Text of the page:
3.2.1 Palm fiber cell wall FT-IR imaging
FT-IR microspectroscopic data can be displayed as chemical images of specific wavelengths. Red and pink regions corresponded to larger absorption intensity, whereas blue regions corresponded to smaller absorption intensity. The chemical images at peaks near 1240 cm−1 showed the relative concentrations and distribution of cellulose. The area under the peak at 1508 cm−1 indicated the concentration and distribution of lignin. The concentrations and distribution of hemicelluloses were found at bands near 1710 cm−1 (Dokken et al. 2007, Cao et al., 2014). Fig. 3 shows the relative concentration and distribution of cellulose, lignin, and hemicellulose of raw and alkali-treated palm fiber transverse sections. As shown in Fig. 3(a), with increased alkali concentration, the red region decreased slightly, indicating that the cellulose content decreased. Figs. 3(b) and 3(c) show a significant decrease in red whereas the blue regions increased with increased alkali concentration, indicating that the lignin and hemicellulose contents dropped evidently. The spatial transformation of lignin and hemicellulose distribution and concentration indicated that their contents decreased during alkali treatment.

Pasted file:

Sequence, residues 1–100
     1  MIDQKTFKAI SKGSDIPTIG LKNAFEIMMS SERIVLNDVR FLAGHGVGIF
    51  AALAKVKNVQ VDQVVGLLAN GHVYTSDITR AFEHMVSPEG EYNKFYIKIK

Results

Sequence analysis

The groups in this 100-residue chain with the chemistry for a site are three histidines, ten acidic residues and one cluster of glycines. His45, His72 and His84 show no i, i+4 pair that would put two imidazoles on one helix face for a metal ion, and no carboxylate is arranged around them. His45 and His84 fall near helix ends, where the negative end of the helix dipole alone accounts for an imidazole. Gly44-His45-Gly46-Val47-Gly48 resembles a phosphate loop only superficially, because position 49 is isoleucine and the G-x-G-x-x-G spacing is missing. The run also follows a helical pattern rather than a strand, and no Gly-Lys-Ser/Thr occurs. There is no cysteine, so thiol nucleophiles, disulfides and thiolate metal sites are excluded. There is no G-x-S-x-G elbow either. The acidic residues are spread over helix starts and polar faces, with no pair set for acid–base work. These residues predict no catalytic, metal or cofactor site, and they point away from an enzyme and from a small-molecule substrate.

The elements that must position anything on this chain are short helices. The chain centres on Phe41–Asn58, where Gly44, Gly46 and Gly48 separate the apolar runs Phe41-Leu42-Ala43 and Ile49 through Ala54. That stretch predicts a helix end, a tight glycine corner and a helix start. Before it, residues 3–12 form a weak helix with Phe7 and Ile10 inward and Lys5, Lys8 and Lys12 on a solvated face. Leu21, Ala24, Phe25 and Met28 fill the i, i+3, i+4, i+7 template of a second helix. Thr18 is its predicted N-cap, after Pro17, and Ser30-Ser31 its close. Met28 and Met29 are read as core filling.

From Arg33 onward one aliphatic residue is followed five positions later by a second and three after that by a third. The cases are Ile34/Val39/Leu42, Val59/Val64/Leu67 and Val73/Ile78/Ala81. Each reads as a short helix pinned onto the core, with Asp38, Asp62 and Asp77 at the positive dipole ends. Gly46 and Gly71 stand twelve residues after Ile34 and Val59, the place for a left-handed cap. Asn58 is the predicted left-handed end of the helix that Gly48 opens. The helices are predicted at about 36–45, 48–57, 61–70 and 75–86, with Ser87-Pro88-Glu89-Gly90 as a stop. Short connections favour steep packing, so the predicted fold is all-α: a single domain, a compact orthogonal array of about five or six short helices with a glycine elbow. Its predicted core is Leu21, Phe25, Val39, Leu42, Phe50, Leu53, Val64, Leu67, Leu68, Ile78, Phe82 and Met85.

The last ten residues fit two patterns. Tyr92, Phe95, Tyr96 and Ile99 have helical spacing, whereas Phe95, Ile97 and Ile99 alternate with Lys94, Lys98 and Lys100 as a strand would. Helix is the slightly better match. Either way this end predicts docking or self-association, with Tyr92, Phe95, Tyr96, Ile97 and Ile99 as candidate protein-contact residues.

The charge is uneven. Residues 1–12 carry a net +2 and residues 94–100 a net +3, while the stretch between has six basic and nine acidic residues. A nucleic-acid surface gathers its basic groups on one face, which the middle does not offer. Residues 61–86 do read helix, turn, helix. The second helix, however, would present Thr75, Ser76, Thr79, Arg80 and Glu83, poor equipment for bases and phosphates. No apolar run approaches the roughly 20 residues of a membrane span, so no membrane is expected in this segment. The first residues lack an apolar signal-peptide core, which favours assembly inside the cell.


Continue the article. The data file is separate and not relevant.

The FT-IR spectra of raw and alkali-treated palm fibers were analyzed to investigate the effect of alkali treatment on the chemical characteristics of fiber cell wall. Fig. 4 shows the FT-IR spectra of the cell wall in the fingerprint region (1800 cm−1 to 800 cm−1). Specific spectral signals assigned to absorption bands of cellulose, hemicelluloses, and lignin were examined. Typical bands assigned to cellulose were located at 1424 and 1368 cm−1 for CH2 scissor motion and C-H bending vibrations, respectively, at 1336 cm−1 for OH in-plane bending of amorphous cellulose, and at 1316 cm−1 for CH2 wagging vibrations in crystalline cellulose (Guo et al. 2015; Huang et al. 2013; Lionetto et al. 2012; Yin et al. 2011), which can be used to assess structural changes in cellulose. According to Huang and Lionetto (Colom et al. 2003; Huang et al. 2013), the absorbance ratio (I1316/I1336) provides additional information on the difference in the degradation process of amorphous and crystalline cellulose, wherein an increase in the ratio indicates increased crystallinity. For raw and alkali-treated palm fibers, this ratio were 1.06, 1.08, 1.1, and 1.09, respectively. Based on the results, we concluded that alkali treatment increased the crystalized-cellulose content, which helped improve the tensile properties. For hemicelluloses, the characteristic peaks at 1740 and 1710 cm−1 were assigned to the C=O stretching vibration in the O=C-O group of the glucuronic acid unit in xylan (Akerholm and Salmen 2003; Song et al. 2013; Stevanic and Salme 2009). As for lignin, the characteristic peaks at 1600 cm−1 can be ascribed to the aromatic skeletal vibrations together with C=O stretching, and those at 1508 cm−1 can be ascribed to the aromatic skeletal vibration and guaiacyl ring vibration. The xylan band at 1456 cm−1 can be ascribed to CH2 symmetric bending on the xylose ring, whereas that at 1264 cm−1 can be ascribed to C=O stretching (Shi et al. 2012; Song et al. 2013).